13 JANUARY 1866, Page 1

The snowstorm which caused all this was really one of

the heaviest we have had for many years, and especially fatal to tele- graph wires, to which the snow clung as tenaciously as Blondin, breaking them rather more easily, just at the mid-point between the two nearest supports, or sometimes bringing down the posts with them to the ground. The telegraph wires over the London streets fell in many places so as just to form barriers to the traffic, like the rope stretched across a frontier line where the passenger has to show his passport. In Euston Road, Farringdon Street, Cannon Street, and elsewhere, the wires were quite des- troyed, and had carried away many supports with them. Along the Great Western, miles of wire were broken up. There is scarcely any telegraphic line left intact except with tl Continent.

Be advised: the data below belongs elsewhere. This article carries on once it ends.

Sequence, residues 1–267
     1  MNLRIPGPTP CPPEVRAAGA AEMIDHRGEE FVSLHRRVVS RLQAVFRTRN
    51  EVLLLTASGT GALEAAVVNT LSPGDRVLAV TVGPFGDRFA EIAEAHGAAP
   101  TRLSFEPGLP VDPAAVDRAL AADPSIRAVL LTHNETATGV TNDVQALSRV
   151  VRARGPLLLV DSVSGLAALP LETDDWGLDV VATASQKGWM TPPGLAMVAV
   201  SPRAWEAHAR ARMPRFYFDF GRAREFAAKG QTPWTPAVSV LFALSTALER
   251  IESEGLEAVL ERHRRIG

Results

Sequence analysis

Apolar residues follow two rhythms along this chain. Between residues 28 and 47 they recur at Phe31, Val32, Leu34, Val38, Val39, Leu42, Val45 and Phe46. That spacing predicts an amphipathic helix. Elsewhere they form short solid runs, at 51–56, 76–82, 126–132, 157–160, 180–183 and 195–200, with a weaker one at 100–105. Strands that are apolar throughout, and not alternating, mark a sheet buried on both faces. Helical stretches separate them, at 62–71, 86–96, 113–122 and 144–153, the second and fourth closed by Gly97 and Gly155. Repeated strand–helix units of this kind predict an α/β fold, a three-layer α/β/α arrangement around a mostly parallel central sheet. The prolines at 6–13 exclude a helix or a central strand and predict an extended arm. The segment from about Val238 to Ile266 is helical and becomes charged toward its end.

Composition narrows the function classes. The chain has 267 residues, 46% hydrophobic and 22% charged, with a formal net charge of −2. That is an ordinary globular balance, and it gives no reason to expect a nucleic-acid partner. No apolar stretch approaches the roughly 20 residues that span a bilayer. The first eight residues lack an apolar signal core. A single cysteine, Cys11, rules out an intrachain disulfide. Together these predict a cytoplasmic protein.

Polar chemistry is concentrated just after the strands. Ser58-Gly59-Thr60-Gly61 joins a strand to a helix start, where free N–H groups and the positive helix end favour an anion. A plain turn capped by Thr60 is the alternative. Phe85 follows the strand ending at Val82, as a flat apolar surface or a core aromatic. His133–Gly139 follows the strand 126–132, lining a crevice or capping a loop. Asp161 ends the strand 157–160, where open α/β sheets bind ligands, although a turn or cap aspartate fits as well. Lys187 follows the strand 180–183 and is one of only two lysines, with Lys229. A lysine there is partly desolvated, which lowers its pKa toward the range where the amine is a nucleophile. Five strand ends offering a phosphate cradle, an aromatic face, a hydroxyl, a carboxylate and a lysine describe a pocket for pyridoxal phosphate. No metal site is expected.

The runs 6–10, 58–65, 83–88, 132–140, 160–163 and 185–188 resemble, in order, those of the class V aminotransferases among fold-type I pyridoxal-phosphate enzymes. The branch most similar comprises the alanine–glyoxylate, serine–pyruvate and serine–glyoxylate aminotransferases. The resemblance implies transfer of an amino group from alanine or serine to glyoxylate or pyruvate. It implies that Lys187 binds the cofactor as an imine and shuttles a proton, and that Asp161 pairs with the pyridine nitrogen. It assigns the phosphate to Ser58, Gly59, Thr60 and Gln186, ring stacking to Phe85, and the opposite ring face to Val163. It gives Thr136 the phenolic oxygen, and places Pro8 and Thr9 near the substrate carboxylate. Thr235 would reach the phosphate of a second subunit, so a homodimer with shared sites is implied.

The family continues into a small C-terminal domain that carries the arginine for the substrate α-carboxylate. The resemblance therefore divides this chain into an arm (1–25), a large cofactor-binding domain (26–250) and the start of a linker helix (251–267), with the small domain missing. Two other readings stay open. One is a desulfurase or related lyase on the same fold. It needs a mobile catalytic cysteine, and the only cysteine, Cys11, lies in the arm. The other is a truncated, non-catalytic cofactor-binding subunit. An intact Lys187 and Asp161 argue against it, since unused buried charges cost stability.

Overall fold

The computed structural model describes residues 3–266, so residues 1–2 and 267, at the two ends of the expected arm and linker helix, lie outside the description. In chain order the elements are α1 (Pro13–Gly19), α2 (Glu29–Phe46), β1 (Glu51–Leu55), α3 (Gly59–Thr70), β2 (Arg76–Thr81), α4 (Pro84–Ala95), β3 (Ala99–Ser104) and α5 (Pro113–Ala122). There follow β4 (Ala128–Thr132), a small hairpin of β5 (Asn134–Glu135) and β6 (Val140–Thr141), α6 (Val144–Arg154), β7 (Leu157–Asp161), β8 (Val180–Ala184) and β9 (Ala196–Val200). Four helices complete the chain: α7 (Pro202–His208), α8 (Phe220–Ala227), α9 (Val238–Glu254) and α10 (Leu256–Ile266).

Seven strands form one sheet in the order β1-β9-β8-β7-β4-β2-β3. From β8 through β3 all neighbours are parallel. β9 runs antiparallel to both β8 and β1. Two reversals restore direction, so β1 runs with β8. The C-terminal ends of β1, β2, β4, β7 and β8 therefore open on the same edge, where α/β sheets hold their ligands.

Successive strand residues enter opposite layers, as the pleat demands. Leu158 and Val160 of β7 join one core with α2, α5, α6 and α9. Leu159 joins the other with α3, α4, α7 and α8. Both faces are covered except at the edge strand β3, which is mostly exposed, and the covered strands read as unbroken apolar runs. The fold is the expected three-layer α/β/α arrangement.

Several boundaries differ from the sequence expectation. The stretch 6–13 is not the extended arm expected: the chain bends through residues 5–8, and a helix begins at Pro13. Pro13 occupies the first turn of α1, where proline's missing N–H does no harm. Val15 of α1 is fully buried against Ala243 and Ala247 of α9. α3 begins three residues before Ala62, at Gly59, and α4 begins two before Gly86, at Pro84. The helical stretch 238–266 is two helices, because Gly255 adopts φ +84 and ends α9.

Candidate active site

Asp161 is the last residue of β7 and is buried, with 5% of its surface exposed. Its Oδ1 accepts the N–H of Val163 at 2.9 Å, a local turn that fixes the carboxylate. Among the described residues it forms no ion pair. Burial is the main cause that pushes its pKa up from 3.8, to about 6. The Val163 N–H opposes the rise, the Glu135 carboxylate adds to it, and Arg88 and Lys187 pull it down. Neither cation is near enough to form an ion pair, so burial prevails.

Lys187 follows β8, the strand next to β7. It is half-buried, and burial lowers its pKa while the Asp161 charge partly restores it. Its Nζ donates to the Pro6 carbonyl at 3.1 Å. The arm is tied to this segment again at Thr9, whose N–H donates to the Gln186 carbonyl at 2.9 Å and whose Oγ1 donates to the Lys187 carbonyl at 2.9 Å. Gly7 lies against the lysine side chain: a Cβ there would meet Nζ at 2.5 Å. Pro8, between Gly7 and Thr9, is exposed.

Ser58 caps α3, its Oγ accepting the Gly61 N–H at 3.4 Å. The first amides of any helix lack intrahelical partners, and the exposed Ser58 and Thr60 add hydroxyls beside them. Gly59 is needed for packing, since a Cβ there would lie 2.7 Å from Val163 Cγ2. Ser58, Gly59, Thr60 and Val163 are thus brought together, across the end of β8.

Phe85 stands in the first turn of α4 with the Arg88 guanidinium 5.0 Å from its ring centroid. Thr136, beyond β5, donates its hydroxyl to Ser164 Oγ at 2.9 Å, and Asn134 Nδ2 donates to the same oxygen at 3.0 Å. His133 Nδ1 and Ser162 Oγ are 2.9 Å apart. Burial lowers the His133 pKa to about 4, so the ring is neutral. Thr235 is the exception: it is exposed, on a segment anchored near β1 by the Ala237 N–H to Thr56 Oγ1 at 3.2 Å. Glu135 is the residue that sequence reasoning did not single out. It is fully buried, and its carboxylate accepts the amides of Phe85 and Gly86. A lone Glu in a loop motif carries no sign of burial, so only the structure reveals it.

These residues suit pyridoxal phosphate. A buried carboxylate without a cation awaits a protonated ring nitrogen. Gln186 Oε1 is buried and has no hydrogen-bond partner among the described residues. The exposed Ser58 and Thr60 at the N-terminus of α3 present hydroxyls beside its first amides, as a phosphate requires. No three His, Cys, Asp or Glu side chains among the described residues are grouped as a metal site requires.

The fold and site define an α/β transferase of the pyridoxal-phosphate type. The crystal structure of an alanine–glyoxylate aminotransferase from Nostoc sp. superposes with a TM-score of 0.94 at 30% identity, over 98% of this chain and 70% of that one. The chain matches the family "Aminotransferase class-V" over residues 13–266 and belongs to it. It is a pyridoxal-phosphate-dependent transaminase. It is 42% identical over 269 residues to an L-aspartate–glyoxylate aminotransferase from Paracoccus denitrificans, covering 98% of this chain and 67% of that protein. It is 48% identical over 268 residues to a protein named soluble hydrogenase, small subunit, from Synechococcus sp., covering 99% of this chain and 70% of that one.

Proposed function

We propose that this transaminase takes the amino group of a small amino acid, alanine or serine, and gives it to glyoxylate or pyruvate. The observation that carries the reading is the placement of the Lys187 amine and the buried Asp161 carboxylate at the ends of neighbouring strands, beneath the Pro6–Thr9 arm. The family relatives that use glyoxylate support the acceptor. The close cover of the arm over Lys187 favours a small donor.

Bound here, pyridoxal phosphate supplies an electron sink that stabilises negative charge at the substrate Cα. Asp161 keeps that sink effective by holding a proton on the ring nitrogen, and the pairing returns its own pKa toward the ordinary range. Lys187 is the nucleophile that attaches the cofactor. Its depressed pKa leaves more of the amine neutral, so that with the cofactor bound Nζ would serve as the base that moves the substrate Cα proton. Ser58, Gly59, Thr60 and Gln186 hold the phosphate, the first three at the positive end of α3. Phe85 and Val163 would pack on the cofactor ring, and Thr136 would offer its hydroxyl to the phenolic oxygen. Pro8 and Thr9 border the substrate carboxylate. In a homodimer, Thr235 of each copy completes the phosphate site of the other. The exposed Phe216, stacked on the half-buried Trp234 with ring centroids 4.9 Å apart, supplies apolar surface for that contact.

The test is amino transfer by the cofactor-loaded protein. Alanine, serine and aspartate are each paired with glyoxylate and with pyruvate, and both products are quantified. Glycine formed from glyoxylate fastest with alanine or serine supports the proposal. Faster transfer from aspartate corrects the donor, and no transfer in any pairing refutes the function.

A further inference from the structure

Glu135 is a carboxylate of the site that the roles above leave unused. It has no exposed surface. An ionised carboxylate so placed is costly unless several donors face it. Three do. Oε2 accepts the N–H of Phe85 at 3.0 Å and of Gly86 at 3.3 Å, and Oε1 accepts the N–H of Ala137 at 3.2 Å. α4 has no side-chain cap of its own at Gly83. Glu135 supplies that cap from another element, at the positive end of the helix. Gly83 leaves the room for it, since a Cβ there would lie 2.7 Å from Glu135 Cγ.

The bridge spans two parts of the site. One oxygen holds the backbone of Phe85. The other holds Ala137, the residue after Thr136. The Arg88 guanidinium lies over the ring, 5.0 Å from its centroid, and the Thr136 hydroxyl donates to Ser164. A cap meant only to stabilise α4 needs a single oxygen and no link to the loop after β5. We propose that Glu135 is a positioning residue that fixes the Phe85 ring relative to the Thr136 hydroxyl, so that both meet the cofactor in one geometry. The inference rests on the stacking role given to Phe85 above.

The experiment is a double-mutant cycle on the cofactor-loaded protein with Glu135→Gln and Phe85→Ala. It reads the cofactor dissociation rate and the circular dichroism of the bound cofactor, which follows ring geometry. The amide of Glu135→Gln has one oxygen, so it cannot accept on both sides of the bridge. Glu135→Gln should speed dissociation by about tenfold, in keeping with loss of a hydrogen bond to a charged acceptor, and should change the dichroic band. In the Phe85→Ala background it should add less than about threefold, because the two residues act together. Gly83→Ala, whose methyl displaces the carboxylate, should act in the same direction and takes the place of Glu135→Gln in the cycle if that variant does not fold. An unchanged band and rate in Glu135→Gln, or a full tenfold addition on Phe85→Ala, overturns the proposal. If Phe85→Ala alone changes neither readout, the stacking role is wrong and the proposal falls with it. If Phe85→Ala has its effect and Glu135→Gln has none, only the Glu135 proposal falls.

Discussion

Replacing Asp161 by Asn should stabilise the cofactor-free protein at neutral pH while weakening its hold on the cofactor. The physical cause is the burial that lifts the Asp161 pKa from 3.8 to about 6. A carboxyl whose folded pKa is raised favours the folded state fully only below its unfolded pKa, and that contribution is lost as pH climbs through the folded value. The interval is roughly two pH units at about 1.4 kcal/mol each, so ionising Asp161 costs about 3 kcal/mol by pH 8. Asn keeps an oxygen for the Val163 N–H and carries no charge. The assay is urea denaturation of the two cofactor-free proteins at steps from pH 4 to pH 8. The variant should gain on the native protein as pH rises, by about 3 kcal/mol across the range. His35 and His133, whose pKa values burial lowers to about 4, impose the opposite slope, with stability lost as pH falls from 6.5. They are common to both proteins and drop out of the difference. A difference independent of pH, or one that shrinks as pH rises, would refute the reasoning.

All our interior communications are e,:•$- seed to have designs on London, large flock 7 of wild duck. teal, and widgeon hovering about the Surrey side for 'some time in a state of indecision, and probably expecting a desolation great enough to lit the great City for their and the long-expected New Zealander's (who is to sketch the ruins of St. Paul's) convenience. But as . St. Paul's did not give way, though the telegraph wires did, they eventually gave up the idea of replacing the population of Lon- don, and took their flight to the south.